Rahm is projected to move to No. 2 in the world rankings with a finish of sixth or better on Sunday.

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    Cook leads by one entering final round at CareerBuilder

    By Associated PressJanuary 21, 2018, 12:51 am

    LA QUINTA, Calif. – Austin Cook hit a hybrid into the fairway bunker on the par-4 18th on a breezy Saturday afternoon at La Quinta Country Club, then chunked a wedge and raced a chip 20 feet past the hole.

    Kip Henley, the longtime PGA Tour caddie who guided Cook to a breakthrough victory at Sea Island in November, stepped in to give the 26-year-old former Arkansas star a quick pep talk.

    ''Kip said, 'Let's finish this like we did on the first day at the Nicklaus Course.' We made a big par putt on 18 there and he said, 'Let's just do the same thing. Let's get this line right and if you get the line right it's going in.'''

    It did, giving Cook an 8-under 64 and a one-stroke lead in the CareerBuilder Challenge going into the final round on the Stadium Course at PGA West. Fellow former Razorback Andrew Landry and Martin Piller were tied for second, and Jon Rahm and Scott Piercy were a another stroke back after a tricky day in wind that didn't get close to the predicted gusts of 40 mph.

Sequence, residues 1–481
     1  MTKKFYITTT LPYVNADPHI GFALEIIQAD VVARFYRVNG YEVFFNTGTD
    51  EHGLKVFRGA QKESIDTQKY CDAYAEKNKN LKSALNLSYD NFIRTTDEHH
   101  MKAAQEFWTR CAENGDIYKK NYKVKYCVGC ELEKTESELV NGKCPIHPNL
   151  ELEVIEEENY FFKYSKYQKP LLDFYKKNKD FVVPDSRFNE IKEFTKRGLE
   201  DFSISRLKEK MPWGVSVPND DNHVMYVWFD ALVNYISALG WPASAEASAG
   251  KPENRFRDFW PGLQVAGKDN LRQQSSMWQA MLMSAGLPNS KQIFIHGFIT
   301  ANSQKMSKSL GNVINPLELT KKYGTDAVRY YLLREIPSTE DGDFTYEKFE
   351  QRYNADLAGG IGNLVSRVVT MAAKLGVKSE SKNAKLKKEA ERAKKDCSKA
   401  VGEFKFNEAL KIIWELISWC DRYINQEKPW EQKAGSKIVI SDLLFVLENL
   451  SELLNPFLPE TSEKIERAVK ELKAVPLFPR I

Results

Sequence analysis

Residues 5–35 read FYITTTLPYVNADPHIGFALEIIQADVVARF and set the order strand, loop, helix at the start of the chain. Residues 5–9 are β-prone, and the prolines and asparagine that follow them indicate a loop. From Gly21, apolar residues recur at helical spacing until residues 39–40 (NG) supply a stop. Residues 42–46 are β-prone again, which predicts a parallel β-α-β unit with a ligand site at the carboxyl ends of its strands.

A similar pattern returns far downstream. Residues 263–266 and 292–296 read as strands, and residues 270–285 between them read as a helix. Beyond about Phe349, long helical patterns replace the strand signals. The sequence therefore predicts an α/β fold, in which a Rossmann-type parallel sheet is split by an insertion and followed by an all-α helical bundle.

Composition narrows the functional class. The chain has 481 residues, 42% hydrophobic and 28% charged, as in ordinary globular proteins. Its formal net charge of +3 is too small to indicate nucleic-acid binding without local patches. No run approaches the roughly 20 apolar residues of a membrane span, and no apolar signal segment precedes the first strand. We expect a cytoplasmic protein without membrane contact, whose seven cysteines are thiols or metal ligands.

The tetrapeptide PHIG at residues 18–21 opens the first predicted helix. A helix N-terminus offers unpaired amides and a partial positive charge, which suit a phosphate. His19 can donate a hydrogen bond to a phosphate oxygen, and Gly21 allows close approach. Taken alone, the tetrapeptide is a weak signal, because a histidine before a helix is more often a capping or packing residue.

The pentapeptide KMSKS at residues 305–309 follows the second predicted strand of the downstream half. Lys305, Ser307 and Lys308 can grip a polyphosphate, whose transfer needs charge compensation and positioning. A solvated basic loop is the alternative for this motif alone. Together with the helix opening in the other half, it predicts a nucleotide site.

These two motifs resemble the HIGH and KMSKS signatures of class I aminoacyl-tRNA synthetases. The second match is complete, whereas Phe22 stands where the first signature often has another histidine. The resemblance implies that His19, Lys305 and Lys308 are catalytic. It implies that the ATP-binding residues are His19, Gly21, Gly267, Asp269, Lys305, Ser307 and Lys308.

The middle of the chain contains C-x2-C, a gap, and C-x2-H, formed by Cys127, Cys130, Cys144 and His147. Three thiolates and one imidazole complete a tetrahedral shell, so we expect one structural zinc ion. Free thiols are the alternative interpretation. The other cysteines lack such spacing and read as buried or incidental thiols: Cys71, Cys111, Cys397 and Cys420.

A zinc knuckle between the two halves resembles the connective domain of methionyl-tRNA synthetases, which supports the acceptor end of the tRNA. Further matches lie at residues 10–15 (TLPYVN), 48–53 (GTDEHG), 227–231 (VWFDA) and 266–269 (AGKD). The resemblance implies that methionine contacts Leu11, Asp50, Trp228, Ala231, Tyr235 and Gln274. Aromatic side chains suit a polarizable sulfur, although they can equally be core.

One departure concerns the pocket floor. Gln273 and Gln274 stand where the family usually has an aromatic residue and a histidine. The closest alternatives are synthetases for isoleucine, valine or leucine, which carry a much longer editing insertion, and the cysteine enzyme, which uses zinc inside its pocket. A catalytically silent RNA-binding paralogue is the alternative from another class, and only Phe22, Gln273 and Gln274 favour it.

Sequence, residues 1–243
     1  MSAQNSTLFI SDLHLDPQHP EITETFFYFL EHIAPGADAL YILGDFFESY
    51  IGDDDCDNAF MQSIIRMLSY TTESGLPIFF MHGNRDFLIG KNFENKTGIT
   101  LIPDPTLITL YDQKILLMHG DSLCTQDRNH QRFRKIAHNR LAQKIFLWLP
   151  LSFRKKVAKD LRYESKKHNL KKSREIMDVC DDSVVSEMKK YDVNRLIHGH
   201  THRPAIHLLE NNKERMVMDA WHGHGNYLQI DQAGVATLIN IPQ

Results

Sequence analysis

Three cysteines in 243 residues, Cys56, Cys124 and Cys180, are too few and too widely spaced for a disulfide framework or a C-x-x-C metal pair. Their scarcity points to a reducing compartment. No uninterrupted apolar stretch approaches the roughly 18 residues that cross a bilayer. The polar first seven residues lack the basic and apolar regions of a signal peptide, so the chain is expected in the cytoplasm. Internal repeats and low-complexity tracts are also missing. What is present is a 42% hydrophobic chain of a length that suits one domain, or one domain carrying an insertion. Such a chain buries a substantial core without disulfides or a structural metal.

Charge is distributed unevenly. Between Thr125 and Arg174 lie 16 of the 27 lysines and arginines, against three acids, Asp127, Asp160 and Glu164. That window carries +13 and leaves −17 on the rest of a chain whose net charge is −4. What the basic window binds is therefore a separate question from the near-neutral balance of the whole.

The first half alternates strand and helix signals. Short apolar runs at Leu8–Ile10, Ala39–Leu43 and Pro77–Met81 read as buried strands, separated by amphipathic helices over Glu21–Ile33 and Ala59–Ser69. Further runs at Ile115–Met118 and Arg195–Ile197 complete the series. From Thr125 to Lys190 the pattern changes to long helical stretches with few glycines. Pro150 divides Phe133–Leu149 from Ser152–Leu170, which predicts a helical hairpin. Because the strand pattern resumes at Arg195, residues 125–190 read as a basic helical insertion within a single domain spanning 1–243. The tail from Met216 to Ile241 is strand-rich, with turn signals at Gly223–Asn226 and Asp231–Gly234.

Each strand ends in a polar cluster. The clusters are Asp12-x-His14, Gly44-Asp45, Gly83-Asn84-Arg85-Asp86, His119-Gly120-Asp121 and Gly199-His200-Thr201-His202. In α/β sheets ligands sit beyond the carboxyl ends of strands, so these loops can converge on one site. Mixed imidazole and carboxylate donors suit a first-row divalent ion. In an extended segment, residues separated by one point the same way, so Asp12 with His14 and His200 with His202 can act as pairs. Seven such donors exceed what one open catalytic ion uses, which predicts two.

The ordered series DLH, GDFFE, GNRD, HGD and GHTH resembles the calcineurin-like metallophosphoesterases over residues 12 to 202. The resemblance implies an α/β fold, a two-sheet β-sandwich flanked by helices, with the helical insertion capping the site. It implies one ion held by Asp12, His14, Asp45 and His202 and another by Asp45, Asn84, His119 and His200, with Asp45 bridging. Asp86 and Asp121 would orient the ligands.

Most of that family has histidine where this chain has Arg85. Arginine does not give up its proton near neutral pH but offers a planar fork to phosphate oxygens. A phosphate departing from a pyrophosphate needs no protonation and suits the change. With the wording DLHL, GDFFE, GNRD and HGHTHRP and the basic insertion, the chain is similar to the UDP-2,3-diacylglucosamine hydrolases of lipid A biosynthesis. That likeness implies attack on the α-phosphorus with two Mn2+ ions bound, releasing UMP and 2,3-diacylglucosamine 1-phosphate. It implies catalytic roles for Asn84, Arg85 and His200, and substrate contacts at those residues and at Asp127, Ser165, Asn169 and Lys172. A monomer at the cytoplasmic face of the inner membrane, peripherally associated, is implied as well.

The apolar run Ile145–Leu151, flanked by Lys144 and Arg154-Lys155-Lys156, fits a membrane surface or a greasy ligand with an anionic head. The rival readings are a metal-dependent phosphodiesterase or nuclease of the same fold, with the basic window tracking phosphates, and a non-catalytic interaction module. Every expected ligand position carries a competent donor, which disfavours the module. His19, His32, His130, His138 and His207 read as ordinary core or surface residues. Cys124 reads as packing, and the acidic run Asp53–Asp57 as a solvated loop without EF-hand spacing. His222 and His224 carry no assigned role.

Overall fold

Full-field scores from the Career Builder Challenge

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    ''I know that I wouldn't have wanted to play the Stadium today,'' Cook said. ''I think we got a great draw with the courses that we got to play on the days that we got to play them.''

    Cook played the final six holes on the front nine in 6 under with an eagle and four birdies.

    ''Starting on my fourth hole, I was able to make a birdie and kind of get the ball rolling and it never really stopped rolling,'' Cook said. ''Kip and I were doing really good at seeing the line on the greens.''